That much he knows

graves‘Oh we don’t care about that sort of thing,’ his oldest sister said, speaking for his three older sisters – speaking perhaps for all wisdom and all reason – when he asked where his father’s ashes would be taken.

She explained that their father’s body would be taken alone to the crematorium.  Everyone would be going instead to the hotel for the reception after the church service.

He didn’t like to think of his father being transported to the crematorium alone.  It felt wrong somehow.  But then he didn’t want to be seen to be weird.  He felt so alone; desperate to belong somewhere, desperate to be included in the ‘we’ of his sister’s explanation.  And besides, did he really care?  His father was dead dead dead after all, his body nothing but a shell of course.  Balancing it all up, he didn’t care enough to make a point.  And any action in contrast to his three sisters – following the body to the crematorium for example – would, inevitably, be pointed.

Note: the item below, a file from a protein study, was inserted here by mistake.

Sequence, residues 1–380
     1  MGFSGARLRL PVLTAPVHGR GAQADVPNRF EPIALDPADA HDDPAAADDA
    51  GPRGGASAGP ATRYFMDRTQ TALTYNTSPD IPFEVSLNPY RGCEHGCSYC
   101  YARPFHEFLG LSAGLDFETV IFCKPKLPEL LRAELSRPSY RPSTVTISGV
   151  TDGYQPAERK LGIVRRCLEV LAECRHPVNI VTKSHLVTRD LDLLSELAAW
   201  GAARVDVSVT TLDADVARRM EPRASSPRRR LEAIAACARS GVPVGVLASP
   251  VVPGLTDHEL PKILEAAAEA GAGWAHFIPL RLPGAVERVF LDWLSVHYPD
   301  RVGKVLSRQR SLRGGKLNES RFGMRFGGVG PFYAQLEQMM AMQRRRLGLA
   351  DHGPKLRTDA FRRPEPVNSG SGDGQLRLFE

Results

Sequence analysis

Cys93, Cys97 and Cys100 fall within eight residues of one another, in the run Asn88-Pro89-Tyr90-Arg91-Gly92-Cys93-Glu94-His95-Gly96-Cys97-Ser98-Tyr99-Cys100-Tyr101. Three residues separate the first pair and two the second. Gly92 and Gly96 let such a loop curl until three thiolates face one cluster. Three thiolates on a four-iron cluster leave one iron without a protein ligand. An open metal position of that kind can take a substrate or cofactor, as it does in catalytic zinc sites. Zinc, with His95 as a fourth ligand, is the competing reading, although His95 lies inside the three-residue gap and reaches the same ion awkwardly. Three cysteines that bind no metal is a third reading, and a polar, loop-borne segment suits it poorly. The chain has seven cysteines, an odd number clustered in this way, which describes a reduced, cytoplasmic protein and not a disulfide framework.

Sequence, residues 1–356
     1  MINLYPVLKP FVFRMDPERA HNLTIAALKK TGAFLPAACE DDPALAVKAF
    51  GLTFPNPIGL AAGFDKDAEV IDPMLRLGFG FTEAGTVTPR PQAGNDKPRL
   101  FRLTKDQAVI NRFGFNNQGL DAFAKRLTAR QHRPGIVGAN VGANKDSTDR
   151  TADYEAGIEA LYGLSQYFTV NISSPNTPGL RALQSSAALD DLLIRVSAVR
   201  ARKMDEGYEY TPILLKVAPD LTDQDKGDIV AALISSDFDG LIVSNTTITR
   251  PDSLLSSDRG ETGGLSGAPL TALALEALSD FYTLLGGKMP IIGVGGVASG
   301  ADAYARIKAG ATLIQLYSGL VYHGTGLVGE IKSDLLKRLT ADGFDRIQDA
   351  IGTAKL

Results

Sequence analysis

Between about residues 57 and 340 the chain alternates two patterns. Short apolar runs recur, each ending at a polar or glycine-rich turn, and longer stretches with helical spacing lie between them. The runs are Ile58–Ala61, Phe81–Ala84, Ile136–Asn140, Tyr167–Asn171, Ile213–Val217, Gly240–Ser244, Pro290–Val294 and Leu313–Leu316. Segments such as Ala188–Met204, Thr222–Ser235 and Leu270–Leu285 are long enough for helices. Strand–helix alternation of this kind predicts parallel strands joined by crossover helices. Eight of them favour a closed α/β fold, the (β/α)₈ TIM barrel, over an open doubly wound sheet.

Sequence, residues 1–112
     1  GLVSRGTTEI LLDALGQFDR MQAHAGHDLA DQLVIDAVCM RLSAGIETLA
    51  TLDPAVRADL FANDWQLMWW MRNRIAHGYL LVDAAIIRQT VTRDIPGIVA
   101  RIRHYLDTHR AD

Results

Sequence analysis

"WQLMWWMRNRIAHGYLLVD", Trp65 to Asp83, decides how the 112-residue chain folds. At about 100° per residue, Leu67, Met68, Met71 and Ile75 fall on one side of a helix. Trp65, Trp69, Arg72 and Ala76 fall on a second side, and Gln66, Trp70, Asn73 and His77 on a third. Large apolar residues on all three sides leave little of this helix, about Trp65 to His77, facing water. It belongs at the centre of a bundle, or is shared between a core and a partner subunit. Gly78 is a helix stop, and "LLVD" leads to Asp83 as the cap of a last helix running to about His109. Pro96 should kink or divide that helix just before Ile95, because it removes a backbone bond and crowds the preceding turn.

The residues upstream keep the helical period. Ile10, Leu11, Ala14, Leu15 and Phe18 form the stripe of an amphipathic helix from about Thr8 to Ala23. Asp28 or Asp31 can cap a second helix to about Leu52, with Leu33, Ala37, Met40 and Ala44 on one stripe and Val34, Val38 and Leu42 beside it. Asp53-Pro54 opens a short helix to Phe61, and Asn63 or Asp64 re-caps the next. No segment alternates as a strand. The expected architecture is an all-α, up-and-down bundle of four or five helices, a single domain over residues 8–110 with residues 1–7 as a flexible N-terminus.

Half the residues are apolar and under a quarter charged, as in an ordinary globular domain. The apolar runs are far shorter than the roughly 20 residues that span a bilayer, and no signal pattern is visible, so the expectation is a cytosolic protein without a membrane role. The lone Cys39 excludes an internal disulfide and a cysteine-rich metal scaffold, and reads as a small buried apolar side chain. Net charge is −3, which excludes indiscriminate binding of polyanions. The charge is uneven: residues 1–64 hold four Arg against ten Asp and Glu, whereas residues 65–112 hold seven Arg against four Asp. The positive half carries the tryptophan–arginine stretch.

Then later, when he wanted to converse with his father, he had no particular place to go.  Where exactly was his father in this cold, indifferent universe?  For reasons that weren’t clear to him, he started to think of his father as being in the sky somewhere.  And only at night.  And only very vaguely.  He didn’t shape this thought; he just let it sit at the edge of his brain, half-formed.

And now his mother is dead, he’s certain of one thing and one thing alone.  He’s going to make damn sure he knows where she ends up.  He’s going to visit her grave and say to her, ‘Here you are.  Just here.  I’ve got you pegged.  That much I know.’

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